Read My Lips ~ Part 2

(Posted May 19, 2014)

Read Part 1 and Part 3.

by Jo Otterholt

Being born deaf in the 1950’s meant having a hidden disability, that often was not discovered for several  years. Adding that we were born prematurely, my twin and I were given plenty of time to reach developmental milestones. Our first few months, we lived in a camper trailer that was dragged from town-to-town by a surplus Army Jeep that Dad had purchased with his GI check. In fact, when we were 4-5 months old, we slept together in a padded boot box!  Then, we graduated to sleeping together in a dresser drawer.  Dad’s youngest sister,  4-year old Pee-wee, (he had 14 siblings) said of her first glimpse of us when we were about 5 months old, “Your hands looked like bird claws!”

My early childhood memories are about things – things that we could see but didn’t hear. We used our vision not only to see things but to acquire language. Dad always squatted down to eye-to-eye level, when playing with us. Memories of mom were of sitting next to her in a rocking chair, while she was sewing matching outfits for us – mine always with lace, including sewing lace onto my socks! And when she was cooking, she would often seat us on the kitchen counter, both to keep us out of mischief and to talk to us. Our older brother liked reading books and comics to us, or telling us about things over and over, while we played in the yard. Our worried parents were told by family members and even our physician, that given our premature birth- they could expect us to be delayed, even cognitively delayed. Early checks of our hearing by the doctor shaking keys behind our backs, we would always turn to the sound – not because we heard it, but because our twin saw it and via observing the shift of his eyes, I would turn to see what was happening behind me. And vice versa for him.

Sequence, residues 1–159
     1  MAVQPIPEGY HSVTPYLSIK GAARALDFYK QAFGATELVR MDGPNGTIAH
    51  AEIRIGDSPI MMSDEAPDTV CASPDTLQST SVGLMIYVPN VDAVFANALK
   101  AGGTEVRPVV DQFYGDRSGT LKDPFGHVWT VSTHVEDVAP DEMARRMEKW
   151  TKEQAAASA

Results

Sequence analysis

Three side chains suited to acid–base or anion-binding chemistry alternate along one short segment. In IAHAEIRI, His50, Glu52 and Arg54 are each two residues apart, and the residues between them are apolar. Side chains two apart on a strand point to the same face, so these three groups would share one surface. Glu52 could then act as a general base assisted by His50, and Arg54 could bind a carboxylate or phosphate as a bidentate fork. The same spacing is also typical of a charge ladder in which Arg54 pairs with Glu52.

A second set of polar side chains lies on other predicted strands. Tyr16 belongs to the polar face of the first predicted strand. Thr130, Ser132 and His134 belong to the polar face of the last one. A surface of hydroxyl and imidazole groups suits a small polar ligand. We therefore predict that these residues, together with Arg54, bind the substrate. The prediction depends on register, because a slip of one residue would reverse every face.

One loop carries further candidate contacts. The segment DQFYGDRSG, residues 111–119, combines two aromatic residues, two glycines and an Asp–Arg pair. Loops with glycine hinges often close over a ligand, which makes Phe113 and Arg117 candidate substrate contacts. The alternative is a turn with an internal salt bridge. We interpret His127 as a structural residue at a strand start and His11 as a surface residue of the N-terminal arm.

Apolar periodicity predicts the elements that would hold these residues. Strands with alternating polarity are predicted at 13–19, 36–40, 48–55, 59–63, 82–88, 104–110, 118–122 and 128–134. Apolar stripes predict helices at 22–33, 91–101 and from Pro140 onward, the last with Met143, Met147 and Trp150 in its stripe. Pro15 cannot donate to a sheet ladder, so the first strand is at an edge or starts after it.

Jo and brother pic read my lips 2

Our first grade picture

Early memories of sounds – or lack thereof – were of Mom trying to get us to pay attention to her caged canary singing – and seeing the bird with open beak meant it was singing. Dad had a rumble in his chest while his mouth-lips were moving. Mom did not have the same rumble – but sometimes a slight vibration in her throat. Our older brother, Donny, would just talk loudly in our ear and gesture. Our parents did a lot of experimenting to alert us to hearing sounds when we were toddler to preschool age. But they were unable to confirm their suspicions of our hearing loss – as the doctor assured them that we could hear the jingling of his keys from behind us.

We received tricycles for our 3rd birthdays – which we promptly turned over one-day, and using Daddy’s tools, we completely took apart both tricycles. Mom was dismayed to discover our trike’s  handlebars, seats, and wheels were disjointed from the frames – on both trikes.  She spanked us, fed us a lunch, and sent us to bed. When we wakened from our naps, she was still struggling to put our trikes together. So we joined her, and quickly reassembled our trikes – even adjusting the handlebars and seats to our heights. This incidence reinforced our parents belief that we were plenty bright enough – just didn’t pay attention when they were talking – and didn’t say very many words that they could understand. They did say that we called each other “Diggy” and “Jenny.” And that we chattered to each other, often with our heads touching, as well as mouthing words that only we seemed to understand, but they had no clue what we were saying. Mom likened us to “chattering magpies.”

Finally when we were 4-years old, our next door neighbor’s son came home from college during Easter-Spring break. He was studying to become an audiologist. They invited him to come to the house and ‘test’ us. He separated us, so he could check us individually- and we could not alert each other to a sound from behind us. While one of us was distracted by a parent in another room, he made numerous noises behind the one he was testing by shaking keys, rattling paper, and calling our names. Based on our lack of responses, he recommended that my parents take both of us to an audiologist in Denver, to be tested professionally. Finally, they were going to be able to confirm their suspicions of our hearing loss.

Jo Otterholt
Wyoming Department of Education
Deaf and Hard of Hearing Outreach Services
Resource Specialist

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